This isn’t about a black dress or facial hair. This is about the rhetoric and reactionary mentality of a significant minority of Pakistanis, especially among those living in the West. The problem of Pakistan is no longer secluded to its government; it has penetrated through the country’s citizenry, which is reacting against the social and economic realities denigrating culture and life through the use of religion and nationalism. These vulnerabilities allow for the politics of the region to be as they are; corrupt government after corrupt government has filled its stomach on these vulnerabilities. And do not doubt the transcendence of these frustrations. While people with such warped religious essentialism and national zealousness are a minority, with the majority of Pakistanis on the secular side, they do still exist and are not isolated to the subcontinent.

That being said, my fellow Pakistanis need to awaken from their slumber. We have to come to terms with the fact that what we understand as Pakistan exists now only in nostalgia. The road to democracy and stability is never easy. And even then there’s no guarantee. Pakistan arose from another country, through the bloodiest mass migration of our time, breaking away from colonialism, with no institutions to call its own – it had to create a country essentially from scratch. The foundation that Muhammad Ali Jinnah and company created was not strong. Yet the country has continued to attempt to build itself upon that weak foundation. And all of this, of course, is not to deny the involvement of international parties, which has helped exacerbate the downward spiral of Pakistan. But there’s still much that can be done.

Islam has become corrupted as a political tool, violence against women has increased, civil society is constantly repressed, the gap between the rich and the poor continues to rise at a repulsive rate, and justice and accountability remain just mere song topics. As Pakistanis, we need to be able to accept that these issues have surpassed the borders of Pakistan. Many of us need to snap out of our classist bubble and realize that a Pakistan exists outside our massive bungalows. As McGill students, we need to bring further light to religious and nationalist extremism that will prove to hinder any potential progress or stability for the region. We need to bring attention to the fact that the many different situations in South Asia have an effect on our political conduct in North America. The lack of a proper department or even sub-department for South Asian studies – in either political science or Islamic studies – is indicative of the general, and unfortunate, lack of academic interest in the region.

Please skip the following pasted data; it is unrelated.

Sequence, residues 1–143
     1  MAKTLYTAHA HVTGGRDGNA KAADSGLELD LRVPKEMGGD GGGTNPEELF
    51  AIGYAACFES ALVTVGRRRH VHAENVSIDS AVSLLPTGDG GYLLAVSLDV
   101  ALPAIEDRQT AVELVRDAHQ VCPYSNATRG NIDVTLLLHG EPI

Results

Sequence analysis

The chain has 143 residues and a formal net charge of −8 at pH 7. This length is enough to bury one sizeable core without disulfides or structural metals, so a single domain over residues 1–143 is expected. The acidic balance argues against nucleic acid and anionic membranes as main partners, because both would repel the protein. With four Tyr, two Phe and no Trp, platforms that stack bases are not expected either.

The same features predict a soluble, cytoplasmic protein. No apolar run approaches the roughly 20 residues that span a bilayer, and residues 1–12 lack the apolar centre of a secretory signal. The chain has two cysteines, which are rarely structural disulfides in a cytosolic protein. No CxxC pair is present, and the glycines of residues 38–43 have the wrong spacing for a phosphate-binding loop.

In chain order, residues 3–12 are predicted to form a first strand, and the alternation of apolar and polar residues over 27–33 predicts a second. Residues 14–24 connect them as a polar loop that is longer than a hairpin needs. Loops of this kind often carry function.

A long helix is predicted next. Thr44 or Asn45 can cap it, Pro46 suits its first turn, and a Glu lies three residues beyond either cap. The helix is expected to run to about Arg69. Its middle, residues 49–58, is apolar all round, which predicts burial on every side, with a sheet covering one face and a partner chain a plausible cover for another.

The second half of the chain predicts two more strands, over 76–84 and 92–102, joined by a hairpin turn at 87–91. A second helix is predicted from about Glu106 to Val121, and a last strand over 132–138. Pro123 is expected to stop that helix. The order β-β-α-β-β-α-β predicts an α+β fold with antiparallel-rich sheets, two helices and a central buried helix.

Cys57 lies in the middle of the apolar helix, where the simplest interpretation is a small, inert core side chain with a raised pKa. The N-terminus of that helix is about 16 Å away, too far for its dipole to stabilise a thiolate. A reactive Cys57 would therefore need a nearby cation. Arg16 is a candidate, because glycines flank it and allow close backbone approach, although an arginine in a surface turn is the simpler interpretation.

Of course a discourse on Pakistan exists on campus, but it is minimal and primarily involves an audience of South Asian descent. This needs to change. There needs to be a larger, more inclusive discourse regarding Pakistan, and South Asia as a whole, which can be sustained. As another commentator, Faiz Lalani, mentioned in Monday’s edition of The Daily, there is a world of conflict outside the Middle East. Amen, Lalani. Hezbollah has nothing on the Swat Valley.

How suburban education brainwashes women

Step back.

Through the 21 years that I’ve seen – unless you take out the first one to two-and-a-half, as they remain a blur – I’ve always kept the male sex at arm’s distance: military arms distance. Rommel would have been proud.

There was a time when chasing boys across the school’s green field and chipped asphalt was acceptable. Then we entered middle school, and ignoring them became the new practice. High school hit, and degradation through witty insults was all the rage. In university, intellectual knockouts prove to be the best testosterone agitators. All were great techniques for achieving…um…okay, so here’s my Eastern Front. The Germans had no chance of winning against the Red Army, and I have no chance of figuring out to what 14 years of chasing, ignoring, teasing, and intellectual knockouts have all led.

To be quite honest, I blame suburban public education. Somewhere along the line, the whole philosophy of, “If they tease you it means they like you,” which our first grade teachers shoved down our throats, became perverted in my head and, I am sure, in the heads of millions of other young women. This is why women chase men who treat them like shit, why women believe they can change men, why nice guys finish last and why Rihanna has not dumped Chris Brown’s ass. Since the days of nap time, we’ve been programmed to believe that a male’s lack of attention is indicative of his insecurity with his sexuality and masculinity; he is unable to be upfront about his feelings because that hurts the development of the ideal Man he is being coerced to adopt.